Migrating monarchs roost together in large groups that number in the millions and decorate trees with their characteristic orange and black wings.

Migrating monarchs roost together in large groups that number in the millions and decorate trees with their characteristic orange and black wings. Image credit: Diann Bayes via Openverse.

Derek Smith, PhD — @djsmitty156

When autumn arrives in the eastern United States and Canada, millions of monarch butterflies take flight, starting a 3000 kilometer journey toward their overwintering locations atop a few mountain ranges in Michoacán, Mexico. Unlike avian migrants that similarly escape North America’s cold winters by venturing south, the monarch butterflies’ migration is a generational one. The individuals that reach Mexico will never return to the northeast. Instead, their great-grandchildren return. Once spring begins, the overwintering butterflies start their mating rituals and travel north from Mexico to Texas, where they lay eggs. That new generation takes up the migration torch through the summer, following the progressive emergence of their host plant, milkweed, further north.

Each member of this summer population completes their entire life cycle within five to seven weeks, so it takes between two to four generations for the butterflies to complete their northward migration. The southward-migrating population in the fall is much longer lived. Something about their biology changes, allowing them to complete the southern journey within one lifetime. They also turn chaste, entering an altered state of reproductive stasis called diapause. When in diapause, monarchs do not produce eggs, they stop developing glands involved in reproduction, and their hormone levels change. It is almost as if a switch has been flipped at the start of fall to create a sexless, super-generation that lives two to four times longer and can travel further distances.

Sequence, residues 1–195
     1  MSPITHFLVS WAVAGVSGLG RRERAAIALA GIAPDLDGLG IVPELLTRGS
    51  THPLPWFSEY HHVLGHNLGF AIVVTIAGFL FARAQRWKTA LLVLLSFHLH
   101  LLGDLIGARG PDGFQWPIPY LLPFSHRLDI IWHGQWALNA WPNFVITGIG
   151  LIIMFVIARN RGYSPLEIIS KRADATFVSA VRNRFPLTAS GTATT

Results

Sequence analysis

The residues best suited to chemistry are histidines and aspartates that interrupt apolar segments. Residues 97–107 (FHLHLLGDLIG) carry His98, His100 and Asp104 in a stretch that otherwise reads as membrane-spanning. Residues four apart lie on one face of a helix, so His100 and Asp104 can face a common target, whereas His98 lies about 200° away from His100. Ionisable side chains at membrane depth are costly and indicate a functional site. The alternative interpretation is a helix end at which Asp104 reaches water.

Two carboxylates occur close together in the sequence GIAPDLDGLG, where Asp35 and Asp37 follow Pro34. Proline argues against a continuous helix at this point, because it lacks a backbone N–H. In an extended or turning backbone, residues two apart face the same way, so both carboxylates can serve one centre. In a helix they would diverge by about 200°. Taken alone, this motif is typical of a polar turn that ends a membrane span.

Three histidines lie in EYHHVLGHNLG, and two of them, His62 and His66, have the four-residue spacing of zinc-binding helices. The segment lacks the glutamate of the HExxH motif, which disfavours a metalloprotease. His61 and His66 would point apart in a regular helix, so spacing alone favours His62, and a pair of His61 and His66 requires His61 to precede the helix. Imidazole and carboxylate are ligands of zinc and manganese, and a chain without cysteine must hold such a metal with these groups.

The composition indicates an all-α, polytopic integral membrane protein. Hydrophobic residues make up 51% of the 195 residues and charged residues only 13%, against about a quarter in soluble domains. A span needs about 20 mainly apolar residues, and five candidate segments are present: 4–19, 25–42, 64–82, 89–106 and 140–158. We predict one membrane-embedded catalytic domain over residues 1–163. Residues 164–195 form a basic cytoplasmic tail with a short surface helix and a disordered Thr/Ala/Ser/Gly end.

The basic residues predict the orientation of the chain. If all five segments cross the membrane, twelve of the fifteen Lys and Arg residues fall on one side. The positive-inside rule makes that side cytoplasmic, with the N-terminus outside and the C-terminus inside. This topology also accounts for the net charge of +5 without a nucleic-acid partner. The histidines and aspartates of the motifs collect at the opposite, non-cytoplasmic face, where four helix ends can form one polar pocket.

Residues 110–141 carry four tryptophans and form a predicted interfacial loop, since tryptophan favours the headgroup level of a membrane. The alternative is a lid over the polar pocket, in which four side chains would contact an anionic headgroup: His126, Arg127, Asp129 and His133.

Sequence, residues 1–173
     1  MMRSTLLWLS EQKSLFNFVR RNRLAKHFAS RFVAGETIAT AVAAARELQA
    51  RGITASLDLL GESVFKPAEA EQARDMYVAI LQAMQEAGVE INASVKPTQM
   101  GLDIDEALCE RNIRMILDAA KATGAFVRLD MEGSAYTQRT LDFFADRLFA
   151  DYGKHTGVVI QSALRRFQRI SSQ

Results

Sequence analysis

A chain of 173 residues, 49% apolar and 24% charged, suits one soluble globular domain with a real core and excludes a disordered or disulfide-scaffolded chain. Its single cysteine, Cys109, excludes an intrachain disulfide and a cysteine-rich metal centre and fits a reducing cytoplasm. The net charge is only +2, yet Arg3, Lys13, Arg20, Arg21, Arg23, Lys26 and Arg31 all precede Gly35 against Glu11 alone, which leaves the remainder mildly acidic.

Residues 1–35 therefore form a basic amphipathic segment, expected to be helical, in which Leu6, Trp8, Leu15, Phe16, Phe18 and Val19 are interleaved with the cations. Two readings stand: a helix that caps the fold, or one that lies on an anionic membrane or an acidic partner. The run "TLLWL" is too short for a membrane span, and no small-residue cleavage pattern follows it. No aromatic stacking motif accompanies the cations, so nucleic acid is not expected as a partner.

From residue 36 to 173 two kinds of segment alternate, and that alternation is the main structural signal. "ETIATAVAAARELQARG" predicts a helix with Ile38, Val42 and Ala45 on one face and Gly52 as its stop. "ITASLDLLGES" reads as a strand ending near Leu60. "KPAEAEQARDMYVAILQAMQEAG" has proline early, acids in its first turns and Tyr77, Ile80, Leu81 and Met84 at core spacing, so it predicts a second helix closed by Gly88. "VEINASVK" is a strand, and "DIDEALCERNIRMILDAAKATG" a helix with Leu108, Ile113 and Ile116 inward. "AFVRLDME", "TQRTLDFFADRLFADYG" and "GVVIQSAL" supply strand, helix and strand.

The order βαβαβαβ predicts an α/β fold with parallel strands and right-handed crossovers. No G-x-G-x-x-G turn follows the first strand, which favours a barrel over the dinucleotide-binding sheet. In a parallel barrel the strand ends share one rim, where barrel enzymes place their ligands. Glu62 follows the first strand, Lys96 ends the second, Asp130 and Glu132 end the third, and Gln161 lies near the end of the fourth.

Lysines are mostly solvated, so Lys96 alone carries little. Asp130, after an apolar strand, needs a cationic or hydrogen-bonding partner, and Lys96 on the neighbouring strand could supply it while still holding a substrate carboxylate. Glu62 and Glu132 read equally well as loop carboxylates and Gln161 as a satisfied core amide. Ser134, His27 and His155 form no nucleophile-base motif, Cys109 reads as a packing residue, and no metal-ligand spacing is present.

“You are deriving from the same population these dramatically different behaviors, but also different physiologies,” said André Green, a professor from the University of Michigan’s Department of Ecology and Evolutionary Biology. Part of Green’s research at Matthaei Botanical Gardens aims to better understand the physiological switch that is flipped in monarch butterflies to create migratory populations in fall. “Whether it’s changing gene activity, hormonal changes, or some other potential mechanism that generates the difference is what we are studying,” said Green.